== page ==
aaaaaaabbbbbbbbbb wrote:3. Have you considered using TIPS to get the flight-to-quality offset against stock market crashes while insulating yourself against the inflation component of stagflation? Of course you'd still be vulnerable to increases in real rates, but it would still be safer, wouldn't it?
TIPS only protect against unexpected inflation. And there wasn't enough TIPS data for me to feel comfortable using them. Treasuries are what I chose, and I'm happy with that decision.
aaaaaaabbbbbbbbbb wrote:4. How exactly did you decide on the specific asset allocation and leverage ratio? By identifying what was, historically, the efficient frontier?
Some of it was backtesting for an efficient frontier. I also looked at different aspects of the risk profile. For example, maximum drawdown. Global market cap is about 40% stocks and 60% bonds.

Nisi made a good point that bond duration behaves a lot like leverage. He showed that given a stock + long bond portfolio that a stock+ short bond portfolio could be created with the same Sharpe ratio. The 10% stock/ 5% long/85% short treasury portfolio came as a result of applying that to the 40/60 portfolio.
aaaaaaabbbbbbbbbb wrote:5. What rates are you paying for your short/int/long term treasuries?
I'm using futures, so financing for bonds is around the Libor-3month rate.

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Re: Should I use margin to buy a balanced fund?

Post by joglehead » Sun Mar 13, 2016 11:06 am

Rob, thanks again for sharing this. I found it tremendously useful. I've been considering starting a similar strategy and have been doing some backtests with portfolio visualizer. It doesn't seem like the long term bonds add much value and in fact they increase the max drawdown at several points throughout history. It seems like an 86/14 ZT/ES portfolio has smaller drawdown and a higher sortino.

I do worry a bit about the stagflation scenario and found that an allocation of 83/13/4 ES/ZT/Gold looks quite good and gives some protection against this. The CAGR and sortino are higher although the max drawdown is also a bit higher as well so you would dial leverage accordingly. I'm curious to hear your thoughts on both of these allocations, thanks!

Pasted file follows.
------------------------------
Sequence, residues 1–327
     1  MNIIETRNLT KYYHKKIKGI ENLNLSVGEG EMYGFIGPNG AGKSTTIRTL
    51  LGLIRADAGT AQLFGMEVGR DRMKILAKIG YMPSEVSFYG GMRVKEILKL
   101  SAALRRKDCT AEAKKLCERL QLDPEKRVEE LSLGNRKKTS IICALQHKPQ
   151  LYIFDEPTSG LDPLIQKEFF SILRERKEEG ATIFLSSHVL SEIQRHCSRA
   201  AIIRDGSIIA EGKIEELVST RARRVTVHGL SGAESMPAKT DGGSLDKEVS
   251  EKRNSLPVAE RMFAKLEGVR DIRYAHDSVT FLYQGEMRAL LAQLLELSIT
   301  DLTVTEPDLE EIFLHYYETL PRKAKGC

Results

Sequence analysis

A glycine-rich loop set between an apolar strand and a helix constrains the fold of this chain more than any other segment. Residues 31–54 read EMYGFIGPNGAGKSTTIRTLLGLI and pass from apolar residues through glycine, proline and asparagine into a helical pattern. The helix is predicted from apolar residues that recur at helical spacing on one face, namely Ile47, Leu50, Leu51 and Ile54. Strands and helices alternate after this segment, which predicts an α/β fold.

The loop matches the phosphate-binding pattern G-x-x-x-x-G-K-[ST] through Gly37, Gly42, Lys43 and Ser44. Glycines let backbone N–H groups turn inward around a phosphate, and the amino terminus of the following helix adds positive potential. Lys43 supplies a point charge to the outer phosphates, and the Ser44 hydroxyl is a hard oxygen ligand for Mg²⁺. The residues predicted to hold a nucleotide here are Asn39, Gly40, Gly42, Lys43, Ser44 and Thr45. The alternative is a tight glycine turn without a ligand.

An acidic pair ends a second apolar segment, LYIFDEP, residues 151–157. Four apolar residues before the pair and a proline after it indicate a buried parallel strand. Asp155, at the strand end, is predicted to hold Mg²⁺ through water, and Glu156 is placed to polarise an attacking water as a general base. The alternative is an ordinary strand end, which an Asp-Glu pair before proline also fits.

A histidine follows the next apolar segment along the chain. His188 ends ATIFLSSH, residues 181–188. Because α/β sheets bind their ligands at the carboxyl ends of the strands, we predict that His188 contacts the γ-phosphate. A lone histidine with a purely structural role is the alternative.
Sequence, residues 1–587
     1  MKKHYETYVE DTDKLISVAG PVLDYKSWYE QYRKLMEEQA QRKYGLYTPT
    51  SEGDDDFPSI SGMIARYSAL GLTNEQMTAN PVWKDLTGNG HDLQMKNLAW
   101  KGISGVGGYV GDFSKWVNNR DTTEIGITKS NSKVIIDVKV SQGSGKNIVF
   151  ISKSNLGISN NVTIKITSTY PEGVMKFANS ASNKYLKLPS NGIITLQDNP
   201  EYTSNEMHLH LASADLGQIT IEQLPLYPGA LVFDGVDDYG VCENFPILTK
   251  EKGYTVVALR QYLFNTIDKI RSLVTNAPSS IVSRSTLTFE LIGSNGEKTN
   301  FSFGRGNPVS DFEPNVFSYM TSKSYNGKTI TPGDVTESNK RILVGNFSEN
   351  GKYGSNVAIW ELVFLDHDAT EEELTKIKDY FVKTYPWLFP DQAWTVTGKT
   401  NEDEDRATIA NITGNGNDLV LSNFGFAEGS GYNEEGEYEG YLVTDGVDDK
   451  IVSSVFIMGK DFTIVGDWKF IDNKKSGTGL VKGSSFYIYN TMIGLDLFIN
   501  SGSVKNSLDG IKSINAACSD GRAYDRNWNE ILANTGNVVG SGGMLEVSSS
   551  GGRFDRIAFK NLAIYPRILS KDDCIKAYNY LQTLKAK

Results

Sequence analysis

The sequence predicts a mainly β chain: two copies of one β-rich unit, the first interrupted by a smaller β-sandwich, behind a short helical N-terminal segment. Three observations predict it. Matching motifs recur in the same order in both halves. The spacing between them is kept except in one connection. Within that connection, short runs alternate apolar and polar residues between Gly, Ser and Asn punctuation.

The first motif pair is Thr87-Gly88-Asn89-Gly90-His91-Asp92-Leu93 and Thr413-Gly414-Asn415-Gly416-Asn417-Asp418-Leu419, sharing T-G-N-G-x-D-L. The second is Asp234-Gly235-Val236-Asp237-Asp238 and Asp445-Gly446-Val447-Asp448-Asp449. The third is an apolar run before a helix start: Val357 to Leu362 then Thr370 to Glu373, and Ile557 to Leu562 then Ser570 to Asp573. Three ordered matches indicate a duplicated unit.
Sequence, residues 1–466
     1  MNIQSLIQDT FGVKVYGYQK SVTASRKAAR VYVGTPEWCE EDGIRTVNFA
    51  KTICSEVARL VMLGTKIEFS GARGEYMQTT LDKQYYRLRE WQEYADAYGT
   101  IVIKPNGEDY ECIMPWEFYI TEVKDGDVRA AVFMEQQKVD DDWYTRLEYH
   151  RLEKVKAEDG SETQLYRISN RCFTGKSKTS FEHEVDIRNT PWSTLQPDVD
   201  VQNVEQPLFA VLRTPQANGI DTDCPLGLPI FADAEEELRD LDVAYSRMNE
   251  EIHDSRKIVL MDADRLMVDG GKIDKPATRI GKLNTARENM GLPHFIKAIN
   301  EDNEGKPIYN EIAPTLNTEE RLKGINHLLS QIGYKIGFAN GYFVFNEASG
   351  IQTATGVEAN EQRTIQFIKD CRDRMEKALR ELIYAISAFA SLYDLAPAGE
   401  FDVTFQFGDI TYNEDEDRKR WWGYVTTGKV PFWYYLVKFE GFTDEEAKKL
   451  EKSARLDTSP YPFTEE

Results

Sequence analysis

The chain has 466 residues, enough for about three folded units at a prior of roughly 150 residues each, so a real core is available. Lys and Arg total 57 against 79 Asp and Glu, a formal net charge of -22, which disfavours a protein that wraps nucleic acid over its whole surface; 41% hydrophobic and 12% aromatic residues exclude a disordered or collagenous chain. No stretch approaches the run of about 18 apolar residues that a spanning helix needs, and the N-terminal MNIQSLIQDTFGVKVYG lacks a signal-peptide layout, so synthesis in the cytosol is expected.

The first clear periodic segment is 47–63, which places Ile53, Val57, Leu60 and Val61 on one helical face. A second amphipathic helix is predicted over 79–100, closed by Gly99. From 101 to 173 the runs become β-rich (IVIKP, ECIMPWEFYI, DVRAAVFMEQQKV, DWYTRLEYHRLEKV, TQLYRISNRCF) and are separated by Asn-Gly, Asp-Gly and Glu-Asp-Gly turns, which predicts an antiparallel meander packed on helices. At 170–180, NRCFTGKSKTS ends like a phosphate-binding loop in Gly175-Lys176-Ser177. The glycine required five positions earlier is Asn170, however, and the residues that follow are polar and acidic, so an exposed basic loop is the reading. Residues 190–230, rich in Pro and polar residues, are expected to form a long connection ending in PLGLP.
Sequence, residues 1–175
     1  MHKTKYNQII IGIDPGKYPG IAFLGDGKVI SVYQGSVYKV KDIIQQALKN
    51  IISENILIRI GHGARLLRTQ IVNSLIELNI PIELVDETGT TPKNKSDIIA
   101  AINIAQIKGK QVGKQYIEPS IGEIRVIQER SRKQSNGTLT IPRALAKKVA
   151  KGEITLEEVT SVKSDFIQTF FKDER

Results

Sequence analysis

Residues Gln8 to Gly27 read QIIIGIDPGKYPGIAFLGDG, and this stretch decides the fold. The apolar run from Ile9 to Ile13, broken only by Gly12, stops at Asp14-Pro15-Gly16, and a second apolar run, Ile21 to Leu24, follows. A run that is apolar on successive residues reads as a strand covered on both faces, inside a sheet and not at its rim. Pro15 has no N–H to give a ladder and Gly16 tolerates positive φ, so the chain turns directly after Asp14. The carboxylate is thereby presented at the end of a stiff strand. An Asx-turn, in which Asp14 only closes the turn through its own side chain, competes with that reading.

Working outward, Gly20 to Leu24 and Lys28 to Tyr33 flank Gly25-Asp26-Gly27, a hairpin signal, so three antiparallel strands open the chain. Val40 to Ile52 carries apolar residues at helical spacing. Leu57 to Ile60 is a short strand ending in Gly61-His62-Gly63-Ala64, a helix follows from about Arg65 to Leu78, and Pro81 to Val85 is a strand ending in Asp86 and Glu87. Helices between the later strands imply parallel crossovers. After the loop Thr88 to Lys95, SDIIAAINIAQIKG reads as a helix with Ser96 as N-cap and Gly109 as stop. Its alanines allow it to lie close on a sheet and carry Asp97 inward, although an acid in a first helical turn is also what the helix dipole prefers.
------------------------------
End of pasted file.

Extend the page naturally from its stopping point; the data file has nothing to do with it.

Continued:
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Re: Should I use margin to buy a balanced fund?

Post by Rob Bertram » Sun Mar 13, 2016 12:49 pm

joglehead wrote:Rob, thanks again for sharing this. I found it tremendously useful. I've been considering starting a similar strategy and have been doing some backtests with portfolio visualizer. It doesn't seem like the long term bonds add much value and in fact they increase the max drawdown at several points throughout history. It seems like an 86/14 ZT/ES portfolio has smaller drawdown and a higher sortino.
For readers who don't have futures symbols memorized:
  • ES = eMini S&P 500 futures contract
  • ZT = 2-Year Treasury note future
Be careful with any futures contract when backtesting using index data. Remember that Portfolio Visualizer does not subtract borrowing costs. There are several periods where borrowing costs exceeded the 2-year note yield. May I suggest using Simba's backtesting spreadsheet. That allows you to enter a negative cash allocation which gives you a better perspective of the risk profile. Also, the spreadsheet breaks the standard deviation between "up" and "down", so you can focus on the left-tail aspect of the risk profile. Also, you will need to add an additional borrowing premium (about 0.3% above the cash/fed funds rate if using futures, 0.5% - 1.5% if using margin).

For example using the spreadsheet, my 10% stock / 5% LT-treasury / 85% ST-treasury x 20 in the spreadsheet would look like this:
200% stocks (using TSM)
100% LT-treasuries
-1900% Tbills/Money market
1700% ST-treasuries
I get a Sortino ratio of 2.01
When I do the same for your 14% stocks / 86% ST-tresuries x20, I get a Sortino ratio of 1.93.
joglehead wrote:I do worry a bit about the stagflation scenario and found that an allocation of 83/13/4 ES/ZT/Gold looks quite good and gives some protection against this. The CAGR and sortino are higher although the max drawdown is also a bit higher as well so you would dial leverage accordingly. I'm curious to hear your thoughts on both of these allocations, thanks!